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Lucien Lester Ainsworth
Member of the U.S. House of Representatives
from Iowa's 3rd district
In office
March 4, 1875 – March 3, 1877
Preceded by William G. Donnan
Succeeded by Theodore Weld Burdick
Personal details
Born (1831-06-21)June 21, 1831
New Woodstock, New York, U.S.
Died April 19, 1902(1902-04-19) (aged 70)
West Union, Iowa, U.S.
Political party Democratic
Spouse(s) Margaret Elizabeth McCool

Lucien Lester Ainsworth (June 21, 1831 – April 19, 1902) was a one-term Democratic U.S. Representative from Iowa's 3rd congressional district in northeastern Iowa.

Ainsworth McCool Headstone
1902 and 1921 - Headstone - L L Ainsworth and Margaret E McCool - West Union Cemetery, West Union, Fayette, Iowa, United States

Family life

Lucien Lester Ainsworth was born on June 21, 1831 in New Woodstock, New York, the eldest child of Parmenas Ainsworth and Keziah Webber. His parents had 3 additional children, Lucretia L (1834), Walter C (1839), and Harriet C (1843). Their mother Keziah died in 1847.

Lucien's father was remarried to Miss Amanda Carpenter on November 2, 1848 in Cazenovia, Madison, New York. Parmenas and Amanda had one child, Ella Kezia Ainsworth born November 15, 1850.

The Ainsworth family ancestors were of English descent. Lucien's Great Grandfather, Nathan Ainsworth (1740-1776) served in the Revolutionary war and "died as a prisoner on an English ship, a martyr to the colonial cause."

On December 8, 1859, Lucien Lester Ainsworth married Margaret Elizabeth McCool (1833-1921), daughter of Joseph McCool and Eleanor Nevius Lucien and Margaret had 5 children, 4 which survived to adulthood.

James Walter (1861)

Lucretia Eleanor "Kittie" (1863)

Charles Gray "Little Charlie" (1866–68)

Porter Lester "Toke" (1868)

Willard Joseph (1870)

Fred Lee (1873)

Education, military, and employment

Young Ainsworth attended the public schools, and the Oneida Conference Seminary, in Cazenovia, New York. "At intervals during his course at the seminary he taught school and was said to be a very popular teacher and educator." In 1854 at age 23, after studying law, he was admitted to the bar in Madison County, New York. That same year he moved to Belvidere, Illinois, and began practicing law.

Just a year later, in 1855, Ainsworth moved to Iowa and continued the practice of law in West Union, where he would remain until his death in 1902.

During the Civil War in 1862, Ainsworth joined the Union Army as captain of Company C, 6th Regiment Iowa Volunteer Cavalry, and served three years in areas of conflict with Native American tribes in the northern Great Plains. He and his company participated in the Battle of Whitestone Hill in Dakota Territory. After leaving the Army, he returned to West Union and resumed the practice of law.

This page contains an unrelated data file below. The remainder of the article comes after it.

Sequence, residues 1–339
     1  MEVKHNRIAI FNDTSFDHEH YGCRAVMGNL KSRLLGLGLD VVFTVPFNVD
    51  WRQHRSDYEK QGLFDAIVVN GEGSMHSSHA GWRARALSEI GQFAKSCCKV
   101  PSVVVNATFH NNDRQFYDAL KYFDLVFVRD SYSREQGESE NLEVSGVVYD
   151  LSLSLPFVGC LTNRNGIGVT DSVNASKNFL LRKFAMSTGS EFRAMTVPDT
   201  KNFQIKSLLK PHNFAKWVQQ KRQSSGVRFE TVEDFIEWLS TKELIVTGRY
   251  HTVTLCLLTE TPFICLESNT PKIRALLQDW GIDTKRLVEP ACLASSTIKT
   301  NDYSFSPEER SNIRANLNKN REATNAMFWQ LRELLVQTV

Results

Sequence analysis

In 1885 Ainsworth continued his law practice. "We find the following local item telegraphed to the Cedar Rapids Republican from Fayette, March 6, 1885. The saloon of Simon Nefzger, at Lima, in this county, was raided night before last and a small quantity of whisky found yesterday morning. Nefzger and his clerk were both arrested for selling and the trial fixed for today. They came by their attorney, L. L. AINSWORTH, of West Union, proposing to quit the business totally and forever and pay all costs and expenses, including attorney for prosecution. Being satisfied that the proposition was made in good faith and would be adhered to, the prosecution did not appear. The costs were promptly paid and there is one less saloon in Iowa. It does prohibit."

In 1890 Ainsworth was mentioned again. "A grave-stone law suit was in progress here last week between J. O. VanSyckel and some parties Strawberry Pointward, which lasted a couple of days. L.L. Ainsworth chopped up law for VanSyckel, and attorney Blair, of Manchester, assisted the defense.

Political career

In the fall of 1856, Ainsworth began his political career by running for the office of Fayette County Attorney as a Democrat. "The county was overwhelmingly Republican, and he was defeated as a matter of course."

LL Ainsworth served as member of the Iowa Senate from 1860 to 1862, representing Bremer and Fayette Counties.

He served as member of the Iowa House of Representatives from 1871 to 1873.

In 1874, Ainsworth ran as a Democrat to represent Iowa's 3rd congressional district in the U.S. House. Becoming the first Iowa Democrat elected to Congress since 1854, he served in the Forty-fourth Congress. He declined to accept a renomination in 1876. He served from March 4, 1875 to March 3, 1877.


He died in West Union, Fayette County, Iowa on April 19, 1902. He is buried in the West Union Cemetery, lot 155 along with his Wife Margaret E. McCool Ainsworth.

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